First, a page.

So I knew several months ago that I wanted to lay Apex aside–I am not an editor at heart, it is difficult work, very different than writing, and though I am proud of the authors I’ve discovered and particularly of the Arab/Muslim issue and  ‘s wonderful story that flew so far, I want to concentrate on my own work, and editing a magazine will make you question every tiny choice you make in a story.

I knew I wanted to go, but I wanted to choose my replacement, I wanted to pick someone who would carry on the inclusive and high-quality standard I established and not tear the place down just as I’d gotten it working so well. And I was having fried chicken slathered in hot sauce in Chicago one day and talking to Lynne Thomas, who’d just found out about her Hugo nomination for editing Chicks Dig Time Lords, about how she wanted to break into fiction editing someday, and it clicked. I asked her then and there, both our fingers covered in bright red sauce, if she wanted to take over Apex.

The next day she said yes, and we cyber-marched over to Jason to tell him the news.

I am proud of my 18 months (that’ll be the magic number, in the end) at Apex. I believe in and stand by the work I’ve done there, and I have learned a great deal–which is what I’d hoped to do to begin with. I hope you all have enjoyed the space I’ve made there–editing is often invisible work. In my heart, when I took the job, I told myself I’d give it a year and see how I felt. I’ve given it more, and I feel happy–but glad to move on, and confident that it will continue in the vein I’ve established.

I want to thank my slush readers, who were my heroes, and invaluable, and  , who served as poetry slush editor and will be departing with me. And Jason Sizemore for giving me the opportunity.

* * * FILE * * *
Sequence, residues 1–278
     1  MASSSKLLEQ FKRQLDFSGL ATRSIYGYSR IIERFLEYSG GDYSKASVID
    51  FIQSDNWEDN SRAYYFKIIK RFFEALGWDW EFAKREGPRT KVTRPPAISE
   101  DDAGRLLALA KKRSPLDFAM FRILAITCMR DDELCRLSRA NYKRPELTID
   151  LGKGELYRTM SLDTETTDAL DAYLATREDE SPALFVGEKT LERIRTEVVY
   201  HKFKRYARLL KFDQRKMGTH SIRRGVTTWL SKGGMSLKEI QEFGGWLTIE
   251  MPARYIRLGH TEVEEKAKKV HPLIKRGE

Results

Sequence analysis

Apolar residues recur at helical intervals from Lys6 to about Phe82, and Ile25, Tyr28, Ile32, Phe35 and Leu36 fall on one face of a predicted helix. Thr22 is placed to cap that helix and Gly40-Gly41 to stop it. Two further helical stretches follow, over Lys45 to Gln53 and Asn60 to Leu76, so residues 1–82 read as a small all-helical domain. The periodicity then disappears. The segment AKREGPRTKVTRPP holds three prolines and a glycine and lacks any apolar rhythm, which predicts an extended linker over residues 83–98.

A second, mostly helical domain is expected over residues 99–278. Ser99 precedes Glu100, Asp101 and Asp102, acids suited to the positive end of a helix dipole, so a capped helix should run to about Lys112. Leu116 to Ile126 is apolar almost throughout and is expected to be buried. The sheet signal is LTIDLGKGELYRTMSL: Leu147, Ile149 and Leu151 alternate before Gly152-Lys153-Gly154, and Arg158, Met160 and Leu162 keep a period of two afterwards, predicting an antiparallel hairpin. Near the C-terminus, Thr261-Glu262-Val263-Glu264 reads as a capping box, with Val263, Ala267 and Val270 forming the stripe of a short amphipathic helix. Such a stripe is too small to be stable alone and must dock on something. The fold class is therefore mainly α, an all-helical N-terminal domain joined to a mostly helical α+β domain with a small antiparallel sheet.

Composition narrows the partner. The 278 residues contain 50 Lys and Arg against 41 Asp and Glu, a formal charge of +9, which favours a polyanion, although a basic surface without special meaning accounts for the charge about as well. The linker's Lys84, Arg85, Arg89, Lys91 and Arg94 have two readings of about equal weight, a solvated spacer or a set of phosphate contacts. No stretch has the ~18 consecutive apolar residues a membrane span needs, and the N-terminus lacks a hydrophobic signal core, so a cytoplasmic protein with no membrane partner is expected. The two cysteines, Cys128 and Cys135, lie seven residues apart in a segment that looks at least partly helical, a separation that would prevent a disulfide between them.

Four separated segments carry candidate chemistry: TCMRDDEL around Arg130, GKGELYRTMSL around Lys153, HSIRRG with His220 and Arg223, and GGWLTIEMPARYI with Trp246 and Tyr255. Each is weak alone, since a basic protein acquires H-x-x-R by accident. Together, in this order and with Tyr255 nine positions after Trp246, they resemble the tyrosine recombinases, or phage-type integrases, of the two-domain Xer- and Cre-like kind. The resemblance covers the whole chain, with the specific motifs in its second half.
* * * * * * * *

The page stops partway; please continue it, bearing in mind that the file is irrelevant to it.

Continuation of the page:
As a goodbye, thre will be a story from me in Lynne’s first issue. She’s going to be great, and I hope you’ll all join me in welcoming her.

So long, and thanks for all the fish.

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This is to say that I will be attending Anthocon from November 11-13 in Portsmouth, NH.

You should, too, and here’s why.

We don’t have an SFF con in northern New England right now. We have an anime con in Portland, a comics con in Bangor (and a comics festival in Portland), and the Boston cons, but we don’t have a geeky book con. I want one. I want my region to have something awesome like Readercon, that’s easier for me to get to and will bring out the crowd near where I live so that I can make friends without driving for hours to a distant con.

Northern New England rules. We are boss. We deserve a sweet con. And that’s why, even though I’m so tired I can’t see straight, I’m going to this con, to invest in it existing and growing, so that when I am not tired I can have a hometown (sort of, it’s not in Portland but you can’t have everything) con. You get the fandom you make.

So come with me! A con is only as awesome as the people who attend.